As we move through the course material our goal is not to gain total knowledge of modern East Asia, nor of China, Japan, Korea nor Vietnam. Rather, by the end of the term you should be able to identify some of the main organizing themes in modern East Asian history and develop a greater understanding of the construction and nature of historical knowledge itself.
Offered as HSTY 132 and ASIA 132.
ASIA 133. Introduction to Chinese History and Civilization. 3 Units.
This course explains the continuities and discontinuities in the history of China by stressing the development and distinctive adaptations of cultural, religious, and political patterns from the origins of the Chinese civilization to the present. By focusing on major cultural, socioeconomic, and political issues such as Confucianism, Buddhism, trade relations, imperialism, and intellectual discourse in the overall Asian context (with particular reference to Korea and Japan), we discuss the historical development of China and its situation on entering the 21st century. Taking into account the key historical events in the last century, we examine the emergence of China as a modern nation-state and the fundamental transformation of Chinese society in the postwar period.
Offered as ASIA 133 and HSTY 133.
ASIA 235. Asian Cinema and Drama. 3 Units.
Introduction to major Asian film directors and major traditional theatrical schools of India, Java/Bali, China, and Japan. Focus on the influence of traditional dramatic forms on contemporary film directors. Development of skills in cross-cultural analysis and comparative aesthetics.
Offered as ASIA 235 and WLIT 235.
ASIA 288. Imperial China: The Great Qing. 3 Units.
This course is an introduction to the history of Imperial China, from the fall of the Ming Dynasty in 1644 to the creation of the Chinese republic in 1912. We will explore the major historical transformations (political, economic, social, and cultural) of the last imperial dynasty, the Qing (1644-1911), and develop an understanding of the major social, political, economic, and intellectual cultural forces shaping the formation of modern China. Contrary to commonly-held ideas in both West and in China that traditional Chinese society was timeless or stagnant, historians now see dramatic and significant changes during this period--to the economy, to gender relations, to religion, and to many other aspects of life. This course surveys the social, political, economic, and cultural history of this era, with emphasis on recent research. The main goals of the course will be to acquaint students with the key changes and to show the interplay between economic, social, and cultural changes on the one hand and political developments on the other. By the end of the semester you should have a good sense of how Chinese society was transformed over the course of the 17th through early 20th centuries. The topics we will discuss include urbanization and commerce; gender, family and kinship; education and the examination system; opium and free trade; and ethnicity and nationalism.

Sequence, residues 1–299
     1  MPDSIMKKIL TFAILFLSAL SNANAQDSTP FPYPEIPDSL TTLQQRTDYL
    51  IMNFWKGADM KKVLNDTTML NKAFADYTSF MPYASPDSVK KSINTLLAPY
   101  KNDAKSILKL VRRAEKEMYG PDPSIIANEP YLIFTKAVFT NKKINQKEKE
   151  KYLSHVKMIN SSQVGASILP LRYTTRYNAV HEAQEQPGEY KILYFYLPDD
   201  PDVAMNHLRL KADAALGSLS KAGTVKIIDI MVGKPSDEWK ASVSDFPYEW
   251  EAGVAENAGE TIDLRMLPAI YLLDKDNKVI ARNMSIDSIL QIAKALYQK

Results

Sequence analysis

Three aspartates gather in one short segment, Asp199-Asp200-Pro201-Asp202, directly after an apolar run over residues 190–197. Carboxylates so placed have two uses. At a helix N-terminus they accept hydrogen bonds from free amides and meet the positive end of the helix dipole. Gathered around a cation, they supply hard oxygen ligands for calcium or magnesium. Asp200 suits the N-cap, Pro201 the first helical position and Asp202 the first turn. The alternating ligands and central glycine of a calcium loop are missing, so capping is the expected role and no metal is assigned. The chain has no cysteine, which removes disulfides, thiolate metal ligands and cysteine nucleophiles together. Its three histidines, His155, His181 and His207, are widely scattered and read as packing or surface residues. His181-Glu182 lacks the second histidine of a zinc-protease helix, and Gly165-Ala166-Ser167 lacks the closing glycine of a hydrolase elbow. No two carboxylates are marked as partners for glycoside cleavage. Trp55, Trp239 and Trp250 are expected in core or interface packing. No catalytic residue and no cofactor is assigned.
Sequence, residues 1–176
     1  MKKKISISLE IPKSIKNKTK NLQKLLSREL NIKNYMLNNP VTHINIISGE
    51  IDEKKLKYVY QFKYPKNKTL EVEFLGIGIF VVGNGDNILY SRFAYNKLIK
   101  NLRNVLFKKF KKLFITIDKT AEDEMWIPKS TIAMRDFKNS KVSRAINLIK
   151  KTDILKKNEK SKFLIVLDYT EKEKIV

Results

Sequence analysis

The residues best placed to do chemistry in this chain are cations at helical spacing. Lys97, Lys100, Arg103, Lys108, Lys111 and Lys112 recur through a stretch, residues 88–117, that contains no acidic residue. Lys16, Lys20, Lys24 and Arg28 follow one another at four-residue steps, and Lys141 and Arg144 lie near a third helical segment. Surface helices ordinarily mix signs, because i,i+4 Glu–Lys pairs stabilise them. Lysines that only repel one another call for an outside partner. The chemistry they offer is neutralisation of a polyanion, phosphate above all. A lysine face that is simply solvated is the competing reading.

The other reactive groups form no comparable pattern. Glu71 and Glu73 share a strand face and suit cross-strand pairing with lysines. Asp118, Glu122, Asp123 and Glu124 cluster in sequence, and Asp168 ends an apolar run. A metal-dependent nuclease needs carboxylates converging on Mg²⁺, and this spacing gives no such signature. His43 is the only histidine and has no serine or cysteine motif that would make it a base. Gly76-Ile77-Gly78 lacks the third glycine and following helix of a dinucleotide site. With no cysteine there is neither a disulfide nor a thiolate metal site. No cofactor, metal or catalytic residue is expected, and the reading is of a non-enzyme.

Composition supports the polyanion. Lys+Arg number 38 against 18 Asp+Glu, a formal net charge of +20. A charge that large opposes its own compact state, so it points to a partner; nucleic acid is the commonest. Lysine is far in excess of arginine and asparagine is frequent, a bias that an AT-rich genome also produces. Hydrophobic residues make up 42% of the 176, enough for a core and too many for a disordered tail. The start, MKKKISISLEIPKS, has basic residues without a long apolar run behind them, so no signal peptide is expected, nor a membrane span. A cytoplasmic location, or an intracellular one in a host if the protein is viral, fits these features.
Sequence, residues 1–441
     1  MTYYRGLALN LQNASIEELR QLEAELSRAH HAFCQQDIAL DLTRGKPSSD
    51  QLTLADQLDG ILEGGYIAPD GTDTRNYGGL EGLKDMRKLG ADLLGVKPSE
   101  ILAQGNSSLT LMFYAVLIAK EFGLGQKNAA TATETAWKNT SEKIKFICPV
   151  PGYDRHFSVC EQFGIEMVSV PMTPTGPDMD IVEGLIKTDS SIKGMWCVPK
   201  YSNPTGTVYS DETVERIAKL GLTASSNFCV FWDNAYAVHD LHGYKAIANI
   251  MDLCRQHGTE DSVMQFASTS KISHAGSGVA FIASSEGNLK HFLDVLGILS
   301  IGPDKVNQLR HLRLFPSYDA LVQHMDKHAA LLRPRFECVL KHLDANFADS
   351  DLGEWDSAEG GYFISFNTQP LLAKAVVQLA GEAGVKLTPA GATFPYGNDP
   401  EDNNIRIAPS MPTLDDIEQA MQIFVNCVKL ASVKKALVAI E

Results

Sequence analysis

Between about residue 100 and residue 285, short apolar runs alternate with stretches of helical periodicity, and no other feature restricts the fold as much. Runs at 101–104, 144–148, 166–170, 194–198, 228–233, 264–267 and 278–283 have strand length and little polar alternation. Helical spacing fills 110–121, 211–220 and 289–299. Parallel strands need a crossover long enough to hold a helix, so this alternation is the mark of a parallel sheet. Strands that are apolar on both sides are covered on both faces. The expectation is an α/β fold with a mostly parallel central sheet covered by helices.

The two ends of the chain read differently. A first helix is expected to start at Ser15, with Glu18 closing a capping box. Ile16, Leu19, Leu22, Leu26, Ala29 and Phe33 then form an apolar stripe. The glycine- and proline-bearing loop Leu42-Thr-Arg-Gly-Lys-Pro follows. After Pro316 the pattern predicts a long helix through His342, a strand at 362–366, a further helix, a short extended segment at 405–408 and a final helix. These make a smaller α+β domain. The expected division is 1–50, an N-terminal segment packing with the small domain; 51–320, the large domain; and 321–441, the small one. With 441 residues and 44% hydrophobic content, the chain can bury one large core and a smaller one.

Offered as ASIA 288 and HSTY 288.
ASIA 289. Reform, Revolution, Republics: China 1895 to Present. 3 Units.
Completes a two-term sequence of the Chinese history survey, although HSTY 288 is not a prerequisite for this course. Beginning with the First Sino-Japanese War (1895), we review the historical development of intellectual discourse, public reaction, and political protest in later Imperial China through the creation of the People's Republic in 1949 forward to contemporary times. In contrast to the conventional description of China from a Western point of view, this course tries to explain the emergence of modern China in the context of its intellectual, political, and socio-economic transformation as experienced by Chinese in the late 19th and into the 20th century. By discussing the influence of the West, domestic rebellions, and political radicalism, we examine how the Chinese state and society interacted in search for modernization and reforms, how these reforms were continued during the Republican period, and to what extent historical patterns can be identified in China's present-day development.
Offered as ASIA 289 and HSTY 289.
ASIA 398. Honors Thesis. 1 - 4 Unit.
Intensive study of a topic or problem under the direction of a faculty member, resulting in the preparation of an honors thesis.
ASIA 399. Independent Study. 1 - 3 Unit.
Tutorial in Asian Studies.